A temporary exhibition at Bahrain National Museum
Eleanor Suggett · 20th August 2018
Designed 40 years ago by the Danish architecture firm, KHR Arkitekter, the Bahrain National Museum quietly resides at the water’s edge in Manama, Bahrain’s capital. Three stone cubical structures hold the country’s rich archaeological history focusing on the Dilmun civilisation, though the galleries also cover the country's most recent history.
Nestled amid this is their temporary exhibitions gallery. The current exhibition looks at ancient burial grounds, which has a look and feel that sits somewhere in between an Urs Fischer fine art installation and the inside of an archaeologist’s mind. Fitting the known 350,000 graves into a single display is not exactly the easiest feat of interpretive engineering, but the approach taken by the museum works beautifully, and gracefully. Large mounds of sand, stones and large rocks humbly sit in between displays of 5,000-year-old ceramics, inviting visitors to explore the interiors of what these sites looked and felt like through the artefacts that were buried alongside the country’s ancestors. Whilst visitors are not able to touch, the mere ability to walk into, or over, a chamber offers a sensory overload that speaks volumes – the dust, the smell, the shadows… perhaps the next best thing to being the archaeologist who discovered the burial mounds years ago.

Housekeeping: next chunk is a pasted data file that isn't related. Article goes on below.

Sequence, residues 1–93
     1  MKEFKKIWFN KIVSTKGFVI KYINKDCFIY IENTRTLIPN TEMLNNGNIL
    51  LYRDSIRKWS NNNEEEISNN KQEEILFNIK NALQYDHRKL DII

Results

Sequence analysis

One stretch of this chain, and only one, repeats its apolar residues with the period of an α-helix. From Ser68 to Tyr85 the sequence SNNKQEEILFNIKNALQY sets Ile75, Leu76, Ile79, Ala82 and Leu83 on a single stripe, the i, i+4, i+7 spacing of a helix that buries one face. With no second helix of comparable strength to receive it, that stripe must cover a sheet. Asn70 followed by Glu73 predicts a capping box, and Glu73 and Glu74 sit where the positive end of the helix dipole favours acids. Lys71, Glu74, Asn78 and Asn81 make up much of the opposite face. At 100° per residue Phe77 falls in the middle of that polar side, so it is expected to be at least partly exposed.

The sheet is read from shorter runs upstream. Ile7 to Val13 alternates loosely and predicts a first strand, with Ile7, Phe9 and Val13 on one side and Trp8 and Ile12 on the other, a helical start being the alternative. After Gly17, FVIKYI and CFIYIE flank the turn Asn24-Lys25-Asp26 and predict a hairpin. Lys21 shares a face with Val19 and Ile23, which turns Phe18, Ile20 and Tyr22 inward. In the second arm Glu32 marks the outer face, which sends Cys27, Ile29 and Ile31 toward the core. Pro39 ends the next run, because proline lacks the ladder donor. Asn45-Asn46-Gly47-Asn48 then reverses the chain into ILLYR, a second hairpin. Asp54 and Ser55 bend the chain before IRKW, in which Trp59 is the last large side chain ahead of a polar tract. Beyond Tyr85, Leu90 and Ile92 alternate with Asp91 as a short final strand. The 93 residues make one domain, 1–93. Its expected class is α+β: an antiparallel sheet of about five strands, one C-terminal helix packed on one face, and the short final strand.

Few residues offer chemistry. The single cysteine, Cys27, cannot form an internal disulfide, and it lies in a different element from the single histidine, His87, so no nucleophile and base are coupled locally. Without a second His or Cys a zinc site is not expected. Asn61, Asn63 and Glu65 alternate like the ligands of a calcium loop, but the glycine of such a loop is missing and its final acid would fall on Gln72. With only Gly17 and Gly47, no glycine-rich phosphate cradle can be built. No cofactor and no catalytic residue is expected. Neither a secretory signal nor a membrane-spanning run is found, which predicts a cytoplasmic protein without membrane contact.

This feature was written by Eleanor Suggett, a Senior Consultant at Barker Langham. She works across the Barker Langham portfolio with current focus on our Middle East projects and specialises in curation and interpretation.